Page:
While Wisconsin’s neighboring states have all enacted executive orders requiring the use of face coverings in indoor spaces open to the public, Wisconsin Gov. Tony Evers has not taken that step. In May, the state Supreme Court struck down the governor’s “Safer at Home” order that closed many businesses. The governor has indicated that he thinks the court would likely rule against a mandate.
When asked in a news conference Thursday if he would have any hesitation about a mask mandate if he were confident that it wouldn’t face legal challenges, Evers’ response was immediate and direct: “No.”
Still Evers indicated that the issue was being considered in light of a continued increase in numbers of COVID-19 cases in the state.
“It's all about the fact that our numbers are headed in the incorrect direction. Just about any of the metrics that you see on the DHS website are headed in the wrong direction. So we're taking it very seriously,” Evers said.
He added, “So we're going to continue to monitor it. And that [a mask mandate] is something we're considering.”
Numbers reported at the press conference by Department of Health Services Secretary-designee Andrea Palm indicated 45,899 reported cases since the beginning of the pandemic—an increase of 1,052 from Wednesday in a week that saw daily increases in the high hundreds or over one thousand.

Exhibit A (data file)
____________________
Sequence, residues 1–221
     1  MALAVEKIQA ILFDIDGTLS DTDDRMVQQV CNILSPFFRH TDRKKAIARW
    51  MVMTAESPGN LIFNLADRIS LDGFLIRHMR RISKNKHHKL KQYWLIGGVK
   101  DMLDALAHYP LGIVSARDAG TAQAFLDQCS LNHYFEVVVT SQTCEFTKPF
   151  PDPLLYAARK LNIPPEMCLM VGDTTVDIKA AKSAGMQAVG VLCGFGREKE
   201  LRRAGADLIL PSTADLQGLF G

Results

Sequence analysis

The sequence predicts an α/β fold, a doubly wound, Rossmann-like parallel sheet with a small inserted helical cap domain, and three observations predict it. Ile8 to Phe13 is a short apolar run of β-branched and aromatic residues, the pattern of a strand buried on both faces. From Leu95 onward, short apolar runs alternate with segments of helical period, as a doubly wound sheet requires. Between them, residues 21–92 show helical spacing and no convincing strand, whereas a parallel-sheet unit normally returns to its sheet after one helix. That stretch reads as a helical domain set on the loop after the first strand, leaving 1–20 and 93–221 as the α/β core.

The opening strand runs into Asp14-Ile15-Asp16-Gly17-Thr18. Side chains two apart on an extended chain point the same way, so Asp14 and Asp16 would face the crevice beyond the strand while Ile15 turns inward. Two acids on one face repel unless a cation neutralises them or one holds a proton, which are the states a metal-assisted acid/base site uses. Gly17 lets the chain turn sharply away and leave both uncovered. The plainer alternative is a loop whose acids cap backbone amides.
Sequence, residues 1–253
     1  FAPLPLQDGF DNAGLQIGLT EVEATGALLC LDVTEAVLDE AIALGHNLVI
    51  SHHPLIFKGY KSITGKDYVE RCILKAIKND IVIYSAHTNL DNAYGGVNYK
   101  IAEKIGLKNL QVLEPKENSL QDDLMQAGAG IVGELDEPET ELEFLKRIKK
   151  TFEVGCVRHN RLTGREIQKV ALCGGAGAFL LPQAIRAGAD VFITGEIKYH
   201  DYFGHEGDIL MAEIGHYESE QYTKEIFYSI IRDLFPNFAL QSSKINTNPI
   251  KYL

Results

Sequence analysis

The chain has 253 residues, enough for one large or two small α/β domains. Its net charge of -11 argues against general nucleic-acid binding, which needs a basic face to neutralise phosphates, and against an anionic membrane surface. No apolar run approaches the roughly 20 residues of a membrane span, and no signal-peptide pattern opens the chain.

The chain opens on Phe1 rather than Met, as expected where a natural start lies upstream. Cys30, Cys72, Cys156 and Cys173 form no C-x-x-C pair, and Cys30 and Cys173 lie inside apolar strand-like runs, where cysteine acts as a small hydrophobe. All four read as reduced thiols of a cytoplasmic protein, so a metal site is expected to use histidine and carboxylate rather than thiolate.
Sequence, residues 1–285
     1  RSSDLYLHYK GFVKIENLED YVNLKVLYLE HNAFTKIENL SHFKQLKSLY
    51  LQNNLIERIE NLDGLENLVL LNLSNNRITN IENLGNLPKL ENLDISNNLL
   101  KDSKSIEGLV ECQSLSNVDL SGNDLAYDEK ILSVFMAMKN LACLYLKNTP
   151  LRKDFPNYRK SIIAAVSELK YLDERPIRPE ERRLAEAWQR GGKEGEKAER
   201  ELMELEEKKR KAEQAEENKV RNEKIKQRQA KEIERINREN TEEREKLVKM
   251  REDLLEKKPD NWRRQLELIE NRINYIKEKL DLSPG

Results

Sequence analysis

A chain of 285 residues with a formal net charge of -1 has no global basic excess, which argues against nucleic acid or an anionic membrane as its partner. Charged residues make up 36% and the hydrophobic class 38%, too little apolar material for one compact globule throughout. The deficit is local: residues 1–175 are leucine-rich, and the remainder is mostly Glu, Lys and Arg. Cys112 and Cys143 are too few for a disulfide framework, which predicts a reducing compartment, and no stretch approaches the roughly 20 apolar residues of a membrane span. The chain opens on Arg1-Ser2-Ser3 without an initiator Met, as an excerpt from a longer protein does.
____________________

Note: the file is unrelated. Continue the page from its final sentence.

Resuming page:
“These numbers are, at least in part, a reflection of two patterns,” Palm said. “A significant number of cases that reported attending gatherings like parties and bars and barbecues and an increase in cases among young people. In fact, in all confirmed cases within the past month here in Wisconsin, fully one third of them have been people in their twenties.”
Palm reiterated DHS’s message to the public: “The safest thing to do, as the governor said, is to stay at home, limit your interactions and wear a mask.”
While Wisconsin’s state government is only strongly suggesting that Wisconsin citizens employ face-coverings, more and more local governments are mandating the practice. Green Bay, Racine and Superior have each passed ordinances recently, joining Dane County and Milwaukee in requiring the public’s use of face-coverings.
Mask wearing continues to be a politically-charged issue inspiring a small protest outside the Capitol even as the governor was discussing the issue during the news conference.